• The carbon disclosure project, an evolution in international environmental corporate governance : motivations and determinants of market response to voluntary disclosures

      Wegener, Matt; Faculty of Business Programs (Brock University, 2010-10-27)
      This paper examines the factors associated with Canadian firms voluntarily disclosing climate change information through the Carbon Disclosure Project. Five hypotheses are presented to explain the factors influencing management's decision to disclose this information. These hypotheses include a response to shareholder activism, domestic institutional investor shareholder activism, signalling, litigation risk, and low cost publicity. Both binary logistic regressions as well as a cross-sectional analysis of the equity market's response to the environmental disclosures being made were used to test these hypotheses. Support was found for shareholder activism, low cost publicity, and litigation risk. However, the equity market's response was not found to be statistically significant.
    • CEO Compensation, Compensation Risk, and Corporate Governance: Evidence from Technology Firms

      Yu, Zhimin (Jimmy); Faculty of Business Programs (Brock University, 2012-05-17)
      Literature suggests that CEOs of technology firms earn higher pay than CEOs of non-technology firms. I investigate whether compensation risk explains the difference in compensation between technology firms and non-technology firms. Controlling for firm size and performance, I find that CEOs in technology firms have higher pay, but also have much higher compensation risk compared to non-technology firms. Compensation risk explains the major part of the difference in CEO pay. My study is consistent with the labor market economics view that CEOs earn competitive risk-adjusted total compensation.
    • COMPARING ASSET PRICING MODELS USING QUANTILE REGRESSIONS FOR DISTANCE-BASED METRICS

      Wang, Ziwen; Faculty of Business Programs
      This thesis compares the performance of ten well-known asset-pricing models for cross-sectional returns of various portfolios from January 1967 to December 2016. We rely on the distance-based metrics as the primary performance measure and use quantile regressions to compare models at a wide range of quantiles of the asset return distribution. The model performance is examined from both statistical and economic perspectives. We find that the Fama and French (2018) six-factor model reliably outperforms other competing models in pricing the selected portfolios. In particular, both the momentum factor and the value factor are necessary in asset-pricing models to explain the return variations in different quantiles. We also find that the performance of Barilla and Shanken (2018) six-factor model exhibits strong explanatory power in medium to high quantiles, despite some existing findings that their model performs poorly in OLS regressions. Overall, we show that the distance-based metrics coupled with quantile regressions provide a consistent and robust model-comparison methodology that largely enhances the existing OLS-based statistical measures.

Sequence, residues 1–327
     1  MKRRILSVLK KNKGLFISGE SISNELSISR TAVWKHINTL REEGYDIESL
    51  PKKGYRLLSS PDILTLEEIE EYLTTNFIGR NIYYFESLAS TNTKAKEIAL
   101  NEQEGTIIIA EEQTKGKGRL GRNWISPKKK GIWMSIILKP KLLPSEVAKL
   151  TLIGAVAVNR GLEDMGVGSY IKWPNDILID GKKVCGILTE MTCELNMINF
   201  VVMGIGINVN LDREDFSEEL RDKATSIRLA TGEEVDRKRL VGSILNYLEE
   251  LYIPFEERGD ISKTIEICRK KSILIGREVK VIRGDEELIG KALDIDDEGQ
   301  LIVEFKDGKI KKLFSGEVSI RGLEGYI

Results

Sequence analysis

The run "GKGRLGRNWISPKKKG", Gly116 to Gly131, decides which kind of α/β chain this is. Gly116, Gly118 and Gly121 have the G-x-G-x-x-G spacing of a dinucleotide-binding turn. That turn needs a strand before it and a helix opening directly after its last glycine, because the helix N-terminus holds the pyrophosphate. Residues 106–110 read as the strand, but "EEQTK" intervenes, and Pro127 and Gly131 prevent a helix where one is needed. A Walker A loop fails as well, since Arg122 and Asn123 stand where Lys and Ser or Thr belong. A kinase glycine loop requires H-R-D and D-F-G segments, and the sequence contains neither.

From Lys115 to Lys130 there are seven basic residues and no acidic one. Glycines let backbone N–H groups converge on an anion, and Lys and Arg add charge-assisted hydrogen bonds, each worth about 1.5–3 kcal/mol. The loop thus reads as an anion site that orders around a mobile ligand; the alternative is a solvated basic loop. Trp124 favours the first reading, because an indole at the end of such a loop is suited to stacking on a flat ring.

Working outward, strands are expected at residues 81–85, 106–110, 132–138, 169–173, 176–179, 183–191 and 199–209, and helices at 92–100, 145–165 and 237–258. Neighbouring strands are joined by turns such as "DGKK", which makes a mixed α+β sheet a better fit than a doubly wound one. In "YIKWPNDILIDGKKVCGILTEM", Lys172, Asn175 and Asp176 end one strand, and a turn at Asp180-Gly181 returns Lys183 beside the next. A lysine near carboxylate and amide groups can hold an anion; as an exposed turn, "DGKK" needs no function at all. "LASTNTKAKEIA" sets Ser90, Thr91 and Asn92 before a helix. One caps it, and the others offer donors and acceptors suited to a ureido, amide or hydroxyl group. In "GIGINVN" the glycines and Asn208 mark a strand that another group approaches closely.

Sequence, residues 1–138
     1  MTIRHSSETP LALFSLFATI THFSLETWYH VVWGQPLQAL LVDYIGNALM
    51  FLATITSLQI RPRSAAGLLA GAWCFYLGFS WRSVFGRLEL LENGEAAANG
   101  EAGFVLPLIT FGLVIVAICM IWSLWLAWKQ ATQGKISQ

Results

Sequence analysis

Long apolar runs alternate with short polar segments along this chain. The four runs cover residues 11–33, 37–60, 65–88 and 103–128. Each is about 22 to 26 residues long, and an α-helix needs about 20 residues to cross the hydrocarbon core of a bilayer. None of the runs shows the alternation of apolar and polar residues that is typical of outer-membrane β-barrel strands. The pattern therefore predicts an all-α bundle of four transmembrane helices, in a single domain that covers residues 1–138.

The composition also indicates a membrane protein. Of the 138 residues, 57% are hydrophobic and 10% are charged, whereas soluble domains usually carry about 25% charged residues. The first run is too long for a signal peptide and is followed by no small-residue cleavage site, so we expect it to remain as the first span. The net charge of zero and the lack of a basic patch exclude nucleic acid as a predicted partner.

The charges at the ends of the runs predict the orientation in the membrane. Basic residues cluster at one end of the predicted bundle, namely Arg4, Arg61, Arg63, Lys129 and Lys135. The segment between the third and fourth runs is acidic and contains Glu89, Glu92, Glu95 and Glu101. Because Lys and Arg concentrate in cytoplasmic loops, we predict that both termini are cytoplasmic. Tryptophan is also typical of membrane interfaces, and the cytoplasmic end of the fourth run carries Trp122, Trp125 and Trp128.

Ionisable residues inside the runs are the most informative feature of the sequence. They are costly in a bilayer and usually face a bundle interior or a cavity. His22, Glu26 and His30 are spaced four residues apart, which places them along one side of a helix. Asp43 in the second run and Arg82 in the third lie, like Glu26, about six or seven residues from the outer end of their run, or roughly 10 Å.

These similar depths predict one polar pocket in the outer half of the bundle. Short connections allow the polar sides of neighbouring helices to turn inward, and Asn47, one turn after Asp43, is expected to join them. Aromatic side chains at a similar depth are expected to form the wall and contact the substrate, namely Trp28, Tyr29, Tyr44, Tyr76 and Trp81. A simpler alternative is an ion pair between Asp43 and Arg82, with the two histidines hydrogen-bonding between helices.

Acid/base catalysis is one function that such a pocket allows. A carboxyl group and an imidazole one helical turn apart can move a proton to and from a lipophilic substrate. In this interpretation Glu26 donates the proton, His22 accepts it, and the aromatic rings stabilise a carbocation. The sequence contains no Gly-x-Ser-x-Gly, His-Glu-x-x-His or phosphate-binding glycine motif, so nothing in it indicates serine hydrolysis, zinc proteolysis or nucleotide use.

• Corporate Inversions and Long-Run Performance

      Warraich, Hamza; Faculty of Business Programs
      This paper investigates the short-term and long-term stock performance of firms that undergo corporate inversions. The results show that the market response to the initial inversion announcement differs based on the type of inversion. Merger & Acquisition (M&A) and restructuring inversions are perceived positively by the market, but naked inversions do not generate a price response. Furthermore, acquirers in inversion-related M&A transactions generate a price premium that is in excess of what is typically generated by acquirers in non-inversion M&A. In the long-run, firms that invert through naked and M&A inversions do not generate significant excess returns above the S&P 500. In contrast, restructured inverted firms generate significant excess returns of 214.53%. Collectively, however, the results suggest that corporate inversion alone is not an indicator of future stock returns.
    • Corporate Social Responsibility, Corporate Governance, And Managerial Risk-Taking

      Pyo, Minyoung; Faculty of Business Programs (Brock University, 2014-05-15)